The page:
And yes, I believe in grace.  I believe God’s love can rescue us from the deepest pit and restore us from any sin.  Read 1 Corinthians 6 and the litany of sins there, followed by some of my favorite words in all of Scripture: “And that is what some of you were.”  The Gospel changes things, new creation happens, new hearts are given, and the Holy Spirit of God works in men and women.

But there are still standards for leadership and teachers in the Christian community.  However one takes the “husband of one wife” phrase, I have yet to hear an interpretation that doesn’t see this at minimum including marital faithfulness to a man’s current wife.  And I don’t think Paul would have said a couple months of counseling following infidelity suddenly made someone fit again to stand in front of 1000’s of Christians and teach.

And the public eye certainly makes things worse.  this guy needs to experience authentic, grace-filled community.  He needs to be taught Christ by godly people who know him and ask tough questions.  He doesn’t need to be on stage dispensing advice or new-found revelations he discovered in therapy.  Especially not to those who are training young people.

I can think of countless devoted Christ-followers I’ve met over the years who would never be invited to a conference like this because they don’t have “numbers” to match.  Men and women who have loved people and given their lives for Christ who apparently aren’t seen fit to share the stage with pastors living secret homosexual lives and doing meth in their spare time.  There’s already been one book published out this mess and there will probably be more.  You can find it at your local Christian bookstore next to Jon & Kate’s book of family advice.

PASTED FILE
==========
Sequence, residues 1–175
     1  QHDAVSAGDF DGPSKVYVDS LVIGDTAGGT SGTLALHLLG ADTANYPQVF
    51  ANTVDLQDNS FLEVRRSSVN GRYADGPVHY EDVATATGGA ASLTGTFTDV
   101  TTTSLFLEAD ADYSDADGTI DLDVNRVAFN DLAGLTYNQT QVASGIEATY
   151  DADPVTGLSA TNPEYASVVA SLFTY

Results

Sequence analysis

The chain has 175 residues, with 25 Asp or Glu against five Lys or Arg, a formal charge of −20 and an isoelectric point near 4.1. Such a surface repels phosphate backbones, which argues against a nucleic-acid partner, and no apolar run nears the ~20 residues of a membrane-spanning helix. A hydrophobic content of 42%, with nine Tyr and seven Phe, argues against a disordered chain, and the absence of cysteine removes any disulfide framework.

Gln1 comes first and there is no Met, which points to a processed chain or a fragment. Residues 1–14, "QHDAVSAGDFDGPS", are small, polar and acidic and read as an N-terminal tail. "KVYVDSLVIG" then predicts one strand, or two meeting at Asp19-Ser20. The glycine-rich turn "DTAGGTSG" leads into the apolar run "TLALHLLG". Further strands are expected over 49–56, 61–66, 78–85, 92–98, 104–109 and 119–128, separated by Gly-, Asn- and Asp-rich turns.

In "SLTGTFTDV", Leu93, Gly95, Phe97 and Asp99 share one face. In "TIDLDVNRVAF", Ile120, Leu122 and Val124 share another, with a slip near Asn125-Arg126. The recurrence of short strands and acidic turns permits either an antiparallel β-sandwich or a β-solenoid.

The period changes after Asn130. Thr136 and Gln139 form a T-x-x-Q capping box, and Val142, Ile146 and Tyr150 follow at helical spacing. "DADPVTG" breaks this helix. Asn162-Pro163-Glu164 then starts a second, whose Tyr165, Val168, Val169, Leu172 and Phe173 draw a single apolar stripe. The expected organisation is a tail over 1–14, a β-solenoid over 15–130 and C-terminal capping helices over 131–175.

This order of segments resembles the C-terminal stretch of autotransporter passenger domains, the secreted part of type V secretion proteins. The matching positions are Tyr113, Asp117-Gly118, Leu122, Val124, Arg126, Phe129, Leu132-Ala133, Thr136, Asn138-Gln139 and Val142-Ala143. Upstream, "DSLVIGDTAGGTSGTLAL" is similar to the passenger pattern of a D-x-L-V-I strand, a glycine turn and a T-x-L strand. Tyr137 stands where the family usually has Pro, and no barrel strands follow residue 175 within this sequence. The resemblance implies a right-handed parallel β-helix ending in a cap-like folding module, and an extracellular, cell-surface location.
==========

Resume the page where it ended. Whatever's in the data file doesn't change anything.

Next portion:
(sigh) I wonder if that whip Jesus made is still around.

Update: There is actually a part 2 of this coming (possibly tomorrow) in which I examine whether or not grace ever says no to people.

Reasons for going to Desiring God Conference 2010..

Ok.  So as of right now, my beautiful wife Stephanie and I are planning on going up to Minnesota this October to this year’s “Desiring God” conference.  The theme is called “Think: The Life of the Mind and the Love of God.”  If you’re interested in taking a road trip this Fall, we might be interested in carpooling with some good people!

But before I give a couple of reasons why I’m going to do my best to make this trip happen, let me explain what isn’t motivating me:

1) Calvinism. In one sense, I don’t really care about that aspect of Piper’s personal beliefs that much.  I’m not a 5-point Calvinist, which I’ve been told by some friends who are probably earnestly praying for a TULIP-ian breakthrough in my life means I’m not a Calvinist; I think that the Biblical portrait of God’s sovereignty and man’s responsibility is deeper, richer, and more mysteriously woven than 5 small points can communicate, whether they’re 5 points of Arminius or of Calvin.  Maybe I’ll elaborate more on this in a future post, but I haven’t jumped on the YRR bandwagon, though I like a few of their authors and agree with some of their critiques of evangelicalism at large.

2) Conference-centered spirituality. You might think based on the large number of conferences and events we Christians do that there was a chapter in Romans or a paragraph of the Sermon on the Mount dedicated to the topic.  But there’s not.  It’s good to gather with other Christians, to worship together, and to hear from God’s Word.  But isn’t that kind of what we already do every week when our churches gather?  I’m looking forward to seeing the missional thinking grab hold of conferences, which still seem stuck in the attractional mentality, ironically even including the “Missional” Conferences.  That’s probably deserving of a future post as well!  I don’t think that by attending this conference, my holiness meter will ratchet up to 11 or that I’ll suddenly find some new and secret trick concerning God.  Sometimes well-meaning Christians advertise conferences that way, but it just ain’t true.

Ok, so if those are the things not motivating me to go, I’ll give some things that I am looking forward to.

1. Books. I’ve seen photos of the exhibit-hall sized book stores at some of these conferences.  I look forward to drooling over some books, even if I’m checking the prices on Amazon on my phone before I buy!